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The Boy Who Stepped Through Time by Anna Ciddor

Title: The Boy Who Stepped Through Time

A young boy stares at a white Roman villa, which is surrounded by lots of people. The title, The Boy Who Stepped Through Time, is in blue below the author's name, Anna Ciddor.

Author: Anna Ciddor

Genre: Historical Fiction/Time Slip

Publisher: Allen and Unwin

Published: 2nd June 2021

Format: Paperback

Pages: 336

Price: $16.99

Synopsis: An accidental trip back to the Roman Empire sets off a race against time to save a friendship – and a life. A thrilling time-slip adventure from a much-loved Australian author.

When Perry steps into a crumbling ruin while on holiday in France, he is not expecting to be transported back 1700 years to Roman times. While he hunts desperately for a way home, he must blend in as a slave – even if it means eating mice for dinner!

Gradually, Perry is caught up in the fascinating world of grand Villa Rubia and a life he could never have imagined. But when he makes a new friend, he thinks he might already know her terrible fate.

Perry is faced with an impossible choice: to find his way home or stay and guard his friend’s life – and risk being trapped in the past forever…

~*~

Fifty years ago, at the age of ten, Anna Ciddor began writing a novel set in Ancient Roman times but set it aside. Yet her first scene stayed at the back of her mind for the next few decades, and finally, together with her sister Tamara – an archaeologist, to research and write what would become The Boy Who Stepped Through Time. Perry is on a holiday with his family in Arles, France when his mother takes them to a festival celebrating Ancient Rome and the Roman Empire. As an archaeologist, she is determined that they attend in traditional, and authentic Roman dress. Whilst there, Perry stumbles upon the grave of a young girl, and finds a stylus. After scratching some Latin into the dirt of the crumbling ruin, he finds himself walking through time, and into a Roman villa, – Villa Rubia – where he’s mistaken as a slave.

Here, he meets Carotus and Valentia, and they become friends, as much as the daughter of the master and slaves can be, and Perry – or Peregrinus as he is known at Villa Rubia – must find out what he has to do back in 313-314 CE so he can go home to his family, back to the twenty-first century. As he tries to find a way to get home, Perry learns more about Ancient Rome and experiences the things his mother talks about, as well as finding out things that may not be in the guidebooks. Perry’s time in Ancient Gaul and the Ancient

No wonder this book took fifty years to write – the story was so engaging, and rich with detail about what children in Ancient Roman times played with such as yo-yos and knucklebones, and how a football was made and the different ways they played with it, that such research not only took time and effort from Tamara, but also, crafting the engaging story and characters. The work that went into this for all involved is immaculate and spectacular and makes for an engaging story. I think it’s amazing that this book took as long as it did, and perhaps there is a reason for that – it needed the close attention to detail from Tamara’s research, and it needed time to percolate for Anna. And perhaps it is also the kind of book we need right now, as many of us can’t travel much. So being able to travel to another country – and even through time in literature gives us somewhere to be when we have to stay at home throughout this pandemic.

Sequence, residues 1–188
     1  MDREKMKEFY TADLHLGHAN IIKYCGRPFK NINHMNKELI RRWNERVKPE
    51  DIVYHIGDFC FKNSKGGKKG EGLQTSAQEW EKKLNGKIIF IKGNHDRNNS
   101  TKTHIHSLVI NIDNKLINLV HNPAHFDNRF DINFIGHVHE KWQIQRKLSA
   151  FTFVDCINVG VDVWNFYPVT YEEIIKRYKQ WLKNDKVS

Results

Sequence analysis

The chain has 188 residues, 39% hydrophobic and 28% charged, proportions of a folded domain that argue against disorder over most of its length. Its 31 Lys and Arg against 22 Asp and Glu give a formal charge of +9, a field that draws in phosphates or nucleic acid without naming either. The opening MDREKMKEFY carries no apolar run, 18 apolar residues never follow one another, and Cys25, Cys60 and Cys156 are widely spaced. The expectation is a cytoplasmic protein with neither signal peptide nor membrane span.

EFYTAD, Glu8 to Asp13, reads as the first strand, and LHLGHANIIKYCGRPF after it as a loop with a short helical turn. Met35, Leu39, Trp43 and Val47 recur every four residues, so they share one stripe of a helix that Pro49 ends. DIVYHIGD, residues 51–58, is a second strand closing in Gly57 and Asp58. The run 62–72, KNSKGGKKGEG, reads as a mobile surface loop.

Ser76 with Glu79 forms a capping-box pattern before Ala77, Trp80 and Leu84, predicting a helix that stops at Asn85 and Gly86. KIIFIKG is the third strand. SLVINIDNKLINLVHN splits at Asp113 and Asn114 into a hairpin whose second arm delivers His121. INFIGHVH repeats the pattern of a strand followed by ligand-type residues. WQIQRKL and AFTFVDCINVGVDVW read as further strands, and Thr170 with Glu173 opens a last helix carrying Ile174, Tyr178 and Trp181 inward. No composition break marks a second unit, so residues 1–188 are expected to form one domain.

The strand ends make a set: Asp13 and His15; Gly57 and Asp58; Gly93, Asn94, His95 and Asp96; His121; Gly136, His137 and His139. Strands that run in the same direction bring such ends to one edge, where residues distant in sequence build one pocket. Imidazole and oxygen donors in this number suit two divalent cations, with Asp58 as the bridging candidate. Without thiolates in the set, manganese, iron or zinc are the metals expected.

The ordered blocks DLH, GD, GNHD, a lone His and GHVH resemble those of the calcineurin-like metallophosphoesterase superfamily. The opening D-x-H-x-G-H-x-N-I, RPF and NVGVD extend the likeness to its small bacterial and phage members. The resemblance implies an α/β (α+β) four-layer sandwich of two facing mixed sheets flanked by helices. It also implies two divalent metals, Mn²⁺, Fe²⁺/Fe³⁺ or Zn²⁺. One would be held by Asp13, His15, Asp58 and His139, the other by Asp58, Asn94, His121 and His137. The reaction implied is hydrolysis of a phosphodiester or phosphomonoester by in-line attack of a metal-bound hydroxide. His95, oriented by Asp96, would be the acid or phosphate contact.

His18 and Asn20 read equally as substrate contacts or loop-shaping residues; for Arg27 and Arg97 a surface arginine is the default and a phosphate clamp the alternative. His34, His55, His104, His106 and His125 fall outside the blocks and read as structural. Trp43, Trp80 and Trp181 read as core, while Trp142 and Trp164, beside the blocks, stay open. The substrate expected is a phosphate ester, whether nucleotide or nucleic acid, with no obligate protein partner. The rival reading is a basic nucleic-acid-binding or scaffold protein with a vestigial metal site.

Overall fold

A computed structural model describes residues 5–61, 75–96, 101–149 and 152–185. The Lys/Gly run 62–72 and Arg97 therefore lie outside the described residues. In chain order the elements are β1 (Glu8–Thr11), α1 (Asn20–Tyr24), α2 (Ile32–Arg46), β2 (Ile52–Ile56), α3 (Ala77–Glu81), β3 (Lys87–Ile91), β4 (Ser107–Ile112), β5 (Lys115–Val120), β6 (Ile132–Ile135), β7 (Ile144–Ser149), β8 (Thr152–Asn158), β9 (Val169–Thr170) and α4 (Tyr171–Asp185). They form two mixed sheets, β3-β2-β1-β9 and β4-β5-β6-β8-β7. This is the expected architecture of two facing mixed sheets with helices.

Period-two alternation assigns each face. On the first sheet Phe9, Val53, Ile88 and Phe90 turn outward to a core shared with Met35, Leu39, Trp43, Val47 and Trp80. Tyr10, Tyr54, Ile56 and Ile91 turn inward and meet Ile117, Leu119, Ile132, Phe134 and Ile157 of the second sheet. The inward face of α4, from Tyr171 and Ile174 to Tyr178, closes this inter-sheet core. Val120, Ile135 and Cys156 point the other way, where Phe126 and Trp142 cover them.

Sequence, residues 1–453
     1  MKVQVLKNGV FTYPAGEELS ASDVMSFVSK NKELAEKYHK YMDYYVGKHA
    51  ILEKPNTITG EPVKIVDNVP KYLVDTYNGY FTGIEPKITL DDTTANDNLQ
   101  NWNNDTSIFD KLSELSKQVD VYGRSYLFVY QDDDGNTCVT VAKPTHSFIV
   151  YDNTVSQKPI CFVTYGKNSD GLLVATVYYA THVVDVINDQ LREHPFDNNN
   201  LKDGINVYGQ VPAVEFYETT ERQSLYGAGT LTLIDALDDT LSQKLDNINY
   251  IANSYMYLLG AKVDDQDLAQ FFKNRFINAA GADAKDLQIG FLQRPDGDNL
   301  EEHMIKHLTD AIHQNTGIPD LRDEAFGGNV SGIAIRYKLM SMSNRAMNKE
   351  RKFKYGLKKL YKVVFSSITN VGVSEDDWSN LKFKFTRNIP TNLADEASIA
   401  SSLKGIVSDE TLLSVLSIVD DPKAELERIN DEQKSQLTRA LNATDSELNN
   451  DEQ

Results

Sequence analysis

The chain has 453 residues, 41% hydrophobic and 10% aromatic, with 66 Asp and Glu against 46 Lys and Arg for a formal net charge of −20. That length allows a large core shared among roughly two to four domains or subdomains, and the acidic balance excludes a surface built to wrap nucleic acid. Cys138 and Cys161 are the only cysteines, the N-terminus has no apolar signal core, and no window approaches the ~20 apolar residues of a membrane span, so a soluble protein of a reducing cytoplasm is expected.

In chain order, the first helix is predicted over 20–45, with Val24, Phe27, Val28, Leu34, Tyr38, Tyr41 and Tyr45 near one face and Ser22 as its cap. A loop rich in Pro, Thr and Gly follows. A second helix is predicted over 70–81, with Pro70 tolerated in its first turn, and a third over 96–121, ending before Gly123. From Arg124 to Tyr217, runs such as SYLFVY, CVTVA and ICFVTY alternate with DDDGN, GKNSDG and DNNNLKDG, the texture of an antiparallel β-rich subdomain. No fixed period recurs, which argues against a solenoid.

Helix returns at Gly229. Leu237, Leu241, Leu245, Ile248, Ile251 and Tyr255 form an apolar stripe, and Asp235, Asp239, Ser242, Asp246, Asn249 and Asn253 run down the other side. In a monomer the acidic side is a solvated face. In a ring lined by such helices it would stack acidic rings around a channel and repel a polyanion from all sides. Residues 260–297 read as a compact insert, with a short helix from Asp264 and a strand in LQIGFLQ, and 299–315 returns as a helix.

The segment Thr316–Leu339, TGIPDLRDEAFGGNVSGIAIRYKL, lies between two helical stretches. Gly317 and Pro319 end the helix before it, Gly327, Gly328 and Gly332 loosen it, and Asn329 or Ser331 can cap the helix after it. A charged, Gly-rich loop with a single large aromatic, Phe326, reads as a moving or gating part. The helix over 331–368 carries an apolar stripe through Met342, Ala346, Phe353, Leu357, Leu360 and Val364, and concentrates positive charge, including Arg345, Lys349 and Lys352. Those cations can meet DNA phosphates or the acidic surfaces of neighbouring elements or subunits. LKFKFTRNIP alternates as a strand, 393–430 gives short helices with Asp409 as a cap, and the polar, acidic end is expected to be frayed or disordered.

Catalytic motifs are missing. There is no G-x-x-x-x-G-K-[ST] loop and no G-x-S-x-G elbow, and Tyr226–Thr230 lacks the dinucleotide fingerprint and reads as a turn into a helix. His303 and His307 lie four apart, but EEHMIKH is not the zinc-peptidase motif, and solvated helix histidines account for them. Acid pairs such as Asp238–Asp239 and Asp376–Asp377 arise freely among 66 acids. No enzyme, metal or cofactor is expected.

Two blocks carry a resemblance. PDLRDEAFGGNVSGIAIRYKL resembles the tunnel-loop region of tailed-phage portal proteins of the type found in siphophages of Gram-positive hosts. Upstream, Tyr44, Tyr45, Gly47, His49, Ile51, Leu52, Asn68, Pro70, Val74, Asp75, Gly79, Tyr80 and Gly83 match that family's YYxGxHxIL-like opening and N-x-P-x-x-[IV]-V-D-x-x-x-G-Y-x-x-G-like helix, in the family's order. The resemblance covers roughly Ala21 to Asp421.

Anna’s story also allows the reader to experience history – to feel it, to see it, to hear it, to taste it and to smell it. We get to experience the things that were normal for Valentia and Carotus but alien for Perry as a discovery, like an archaeological dig and peeling back the layers of history. Anna has made the research her sister did accessible for younger readers – and I loved the researcher’s notes at the back that gave more life to what was given to us in the story! Doing this truly brings the book to life – both the fact and fiction that work so seamlessly together. I loved all the characters, and the conflicts between them- from the stark difference between the slaves and their masters, to the universality of some of the interpersonal experiences of the characters throughout the novel. This gave the novel a sense of relatability for the modern reader, because we can all relate to trouble at school, or wanting to do something other than what our parents expect.

Books like this bring history to life – and capture so much that we don’t learn in history class sometimes, or even from textbooks. It brings the archaeological evidence to life and shows that the archaeological evidence holds so much that the written record may not show. Combined though, I feel that archaeology, historical records, history books and historical fiction like this can give us a full-bodied and true appreciation of history, as we can see history through the eyes of the record keepers, interpret the evidence and finally, see the history playing out through the eyes of the ordinary people impacted at the times, and the way they lived their lives in comparison to common assumptions or what records might lead us to believe.

I also interviewed Anna, and that was a fascinating task, as it exposed so much about the process of writing and researching this story, and I loved that Anna gave me such interesting and long answers! The Boy Who Stepped Through Time is a brilliant novel that combines history, archaeology, time travel and conflicts of modernity versus antiquity to teach kids something new and unique in a fun and vibrant way. Ancient Rome and its Empire is a time in history often unexplored, so it was delightful to see it used in this book. This is a fantastic story that can be read for fun and used in educational settings as well.

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